Why should we concern ourselves with Crowley? To be occupied only with his excesses of behaviour and weaknesses of character seems to me to short-change him. The answer surely comes in his dominant influence upon the development of Western esoteric thought and in turn the influence of that thought upon twentieth-century and contemporary culture. He has left a tangible legacy in terms of those who define themselves as Thelemites and are members of the O.T.O. There is also a much wider legacy defined both in terms of those who have absorbed some of Crowley’s ideas and those who have reacted in sometimes extreme ways against them, either to reassert those belief systems that Crowley so comprehensively rejected, or to promote further directions in occultism that differ from his own. Whichever viewpoint one takes, it is hard to ignore Crowley. Even were one not to be at all concerned with the outcomes of his spiritual work, his life is nevertheless a source of interest in itself, and has been subjected to everything from hagiography to excoriation – and that simply among those who knew him!


[i] “Sean Gabb on Aleister Crowley” http://thelibertarianalliance.com/2015/01/22/sean-gabb-on-aleister-crowley/

[ii] Crowley, The Confessions of Aleister Crowley, chapter 50, 1929: http://www.thelema.ca/156/Confessions/chapter50.html

[iii] Laurence Sutin, Do What Thou Wilt: A Life of Aleister Crowley, New York, St Martin’s Press, 2000, p. 148.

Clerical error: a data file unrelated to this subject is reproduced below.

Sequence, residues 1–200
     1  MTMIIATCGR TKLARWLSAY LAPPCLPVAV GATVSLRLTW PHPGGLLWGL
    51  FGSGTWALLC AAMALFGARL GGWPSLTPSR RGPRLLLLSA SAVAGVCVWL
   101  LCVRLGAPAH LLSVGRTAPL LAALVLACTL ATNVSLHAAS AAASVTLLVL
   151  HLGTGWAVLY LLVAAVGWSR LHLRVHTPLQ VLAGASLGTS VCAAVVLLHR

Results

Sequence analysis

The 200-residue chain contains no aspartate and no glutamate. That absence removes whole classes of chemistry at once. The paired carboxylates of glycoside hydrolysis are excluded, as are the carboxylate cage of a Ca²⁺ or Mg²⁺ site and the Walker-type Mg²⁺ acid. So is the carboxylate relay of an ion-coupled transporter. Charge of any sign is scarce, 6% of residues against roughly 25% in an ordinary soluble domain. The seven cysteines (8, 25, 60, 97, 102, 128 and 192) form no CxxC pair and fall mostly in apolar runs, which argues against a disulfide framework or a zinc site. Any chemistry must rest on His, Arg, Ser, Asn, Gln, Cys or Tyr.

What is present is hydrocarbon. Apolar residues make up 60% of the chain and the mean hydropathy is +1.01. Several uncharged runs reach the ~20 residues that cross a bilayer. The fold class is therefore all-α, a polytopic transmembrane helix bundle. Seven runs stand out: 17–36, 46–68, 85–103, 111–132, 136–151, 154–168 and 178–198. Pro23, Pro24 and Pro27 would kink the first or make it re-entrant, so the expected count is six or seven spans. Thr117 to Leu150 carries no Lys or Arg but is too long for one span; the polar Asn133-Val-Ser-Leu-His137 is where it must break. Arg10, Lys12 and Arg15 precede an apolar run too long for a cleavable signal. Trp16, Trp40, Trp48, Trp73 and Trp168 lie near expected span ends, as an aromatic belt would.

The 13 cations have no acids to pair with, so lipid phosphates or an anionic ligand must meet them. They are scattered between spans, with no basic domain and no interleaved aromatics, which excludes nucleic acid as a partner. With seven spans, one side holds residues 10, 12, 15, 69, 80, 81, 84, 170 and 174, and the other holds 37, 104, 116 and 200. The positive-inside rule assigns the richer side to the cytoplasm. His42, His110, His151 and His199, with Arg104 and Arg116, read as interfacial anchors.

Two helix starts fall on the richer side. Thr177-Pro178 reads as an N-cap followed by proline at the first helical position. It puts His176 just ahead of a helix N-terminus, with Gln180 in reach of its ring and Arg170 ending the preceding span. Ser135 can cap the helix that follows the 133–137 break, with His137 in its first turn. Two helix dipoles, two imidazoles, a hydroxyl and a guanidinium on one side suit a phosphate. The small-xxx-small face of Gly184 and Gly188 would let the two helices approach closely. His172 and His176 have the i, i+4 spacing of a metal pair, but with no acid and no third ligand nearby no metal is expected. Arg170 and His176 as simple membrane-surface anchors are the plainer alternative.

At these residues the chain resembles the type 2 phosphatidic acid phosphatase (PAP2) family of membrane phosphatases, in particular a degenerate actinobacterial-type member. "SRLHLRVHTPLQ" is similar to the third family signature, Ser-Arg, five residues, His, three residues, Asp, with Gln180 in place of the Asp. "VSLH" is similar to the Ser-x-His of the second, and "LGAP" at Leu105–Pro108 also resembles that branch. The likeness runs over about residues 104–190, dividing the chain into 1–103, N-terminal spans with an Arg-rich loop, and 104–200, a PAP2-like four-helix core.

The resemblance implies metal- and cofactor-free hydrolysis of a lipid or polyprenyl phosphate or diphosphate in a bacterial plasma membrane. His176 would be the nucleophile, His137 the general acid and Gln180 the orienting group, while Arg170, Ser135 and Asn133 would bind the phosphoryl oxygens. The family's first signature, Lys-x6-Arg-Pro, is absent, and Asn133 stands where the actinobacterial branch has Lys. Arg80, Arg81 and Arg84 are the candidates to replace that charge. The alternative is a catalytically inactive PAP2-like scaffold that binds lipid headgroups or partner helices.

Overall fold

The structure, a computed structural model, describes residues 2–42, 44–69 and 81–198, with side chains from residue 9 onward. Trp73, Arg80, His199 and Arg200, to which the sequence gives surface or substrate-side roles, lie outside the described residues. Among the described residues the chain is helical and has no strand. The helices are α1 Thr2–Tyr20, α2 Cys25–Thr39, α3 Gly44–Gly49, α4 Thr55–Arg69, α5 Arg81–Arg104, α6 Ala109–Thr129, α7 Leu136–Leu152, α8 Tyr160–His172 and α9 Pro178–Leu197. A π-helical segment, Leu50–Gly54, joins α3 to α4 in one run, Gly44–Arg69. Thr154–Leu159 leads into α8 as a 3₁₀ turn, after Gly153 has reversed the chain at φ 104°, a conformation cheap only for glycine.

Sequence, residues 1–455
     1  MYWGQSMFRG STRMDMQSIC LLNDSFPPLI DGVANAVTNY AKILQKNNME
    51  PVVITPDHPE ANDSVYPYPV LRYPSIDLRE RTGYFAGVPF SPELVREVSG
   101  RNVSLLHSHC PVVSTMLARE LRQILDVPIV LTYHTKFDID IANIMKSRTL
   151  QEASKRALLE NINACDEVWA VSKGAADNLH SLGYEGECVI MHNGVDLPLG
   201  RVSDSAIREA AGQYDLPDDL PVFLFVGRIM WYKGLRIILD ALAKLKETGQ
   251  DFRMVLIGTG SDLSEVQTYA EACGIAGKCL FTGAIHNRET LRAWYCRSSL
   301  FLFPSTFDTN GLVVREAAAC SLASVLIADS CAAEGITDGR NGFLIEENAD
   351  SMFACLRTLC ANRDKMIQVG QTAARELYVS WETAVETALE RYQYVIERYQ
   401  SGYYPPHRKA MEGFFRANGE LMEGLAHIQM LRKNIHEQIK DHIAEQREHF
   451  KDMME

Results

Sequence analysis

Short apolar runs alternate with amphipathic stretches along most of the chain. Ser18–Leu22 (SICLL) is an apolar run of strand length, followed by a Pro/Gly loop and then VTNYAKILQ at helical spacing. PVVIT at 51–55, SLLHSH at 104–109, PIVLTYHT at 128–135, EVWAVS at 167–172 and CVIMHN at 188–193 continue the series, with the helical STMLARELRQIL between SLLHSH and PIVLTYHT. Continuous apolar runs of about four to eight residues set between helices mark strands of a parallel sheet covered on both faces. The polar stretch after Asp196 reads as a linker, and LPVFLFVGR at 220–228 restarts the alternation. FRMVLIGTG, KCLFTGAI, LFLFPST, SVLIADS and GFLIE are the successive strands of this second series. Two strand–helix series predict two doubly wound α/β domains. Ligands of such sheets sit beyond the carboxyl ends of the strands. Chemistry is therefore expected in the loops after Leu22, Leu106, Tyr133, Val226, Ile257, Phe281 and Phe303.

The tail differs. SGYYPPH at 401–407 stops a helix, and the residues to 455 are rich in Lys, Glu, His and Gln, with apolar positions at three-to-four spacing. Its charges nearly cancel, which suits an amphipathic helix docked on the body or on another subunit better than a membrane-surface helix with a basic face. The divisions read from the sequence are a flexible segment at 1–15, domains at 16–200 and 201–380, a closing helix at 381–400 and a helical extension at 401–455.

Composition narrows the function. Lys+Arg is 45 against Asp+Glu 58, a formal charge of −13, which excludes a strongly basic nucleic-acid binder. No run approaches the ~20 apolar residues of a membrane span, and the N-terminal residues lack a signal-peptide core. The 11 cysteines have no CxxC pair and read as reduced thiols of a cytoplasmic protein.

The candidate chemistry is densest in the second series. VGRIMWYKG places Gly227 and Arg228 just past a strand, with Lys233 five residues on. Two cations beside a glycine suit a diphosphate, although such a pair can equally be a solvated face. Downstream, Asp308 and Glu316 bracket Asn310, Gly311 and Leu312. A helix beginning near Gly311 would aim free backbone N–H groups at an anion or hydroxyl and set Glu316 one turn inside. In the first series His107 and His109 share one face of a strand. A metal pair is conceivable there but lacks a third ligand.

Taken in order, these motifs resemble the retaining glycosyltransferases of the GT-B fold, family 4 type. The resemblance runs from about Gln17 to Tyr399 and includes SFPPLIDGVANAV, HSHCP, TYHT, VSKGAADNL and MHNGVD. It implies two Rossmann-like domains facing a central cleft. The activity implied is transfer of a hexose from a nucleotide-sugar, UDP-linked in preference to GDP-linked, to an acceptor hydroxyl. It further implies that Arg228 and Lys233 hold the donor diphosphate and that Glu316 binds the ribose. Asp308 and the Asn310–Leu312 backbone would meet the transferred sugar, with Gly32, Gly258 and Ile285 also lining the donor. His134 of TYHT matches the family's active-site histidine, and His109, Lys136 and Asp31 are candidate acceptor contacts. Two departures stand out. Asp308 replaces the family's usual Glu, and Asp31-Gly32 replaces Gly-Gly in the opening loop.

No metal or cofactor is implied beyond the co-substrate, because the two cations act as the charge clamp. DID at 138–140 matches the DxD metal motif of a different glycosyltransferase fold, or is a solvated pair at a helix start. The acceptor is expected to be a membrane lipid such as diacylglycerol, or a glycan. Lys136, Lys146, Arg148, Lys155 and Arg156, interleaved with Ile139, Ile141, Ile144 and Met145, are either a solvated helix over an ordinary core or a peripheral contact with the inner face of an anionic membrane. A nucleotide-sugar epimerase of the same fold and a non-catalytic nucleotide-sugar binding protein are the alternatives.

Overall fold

Elitism and libertarianism

For several years I was a council member and Director of Cultural Affairs of the former Libertarian Alliance, until its dissolution in June 2017. I continue to identify with many aspects of paleolibertarianism and with the Libertarian Alliance as that body was latterly constituted. However, the following quotation summarizes where I stand today regarding libertarianism in more general terms, particularly given the considerable changes in the British libertarian movement during the past decade:

“I was very much an ardent libertarian, free-market doctrinaire. But gradually I came to realize that those around me with similar views were very much unlike me personally. They were plebean populists. No appreciation for elitism, social hierarchy, and culture and tradition. They wanted to elevate the lowest among us through the medium of unregulated markets. I began to abhor this philosophy and no longer associate myself with it. I have come to appreciate that I am an elitist, through and through.”

The link in the paragraph above is to Sir Roger Scruton’s address “In Defense of Elitism”, the most significant passage of which is the following,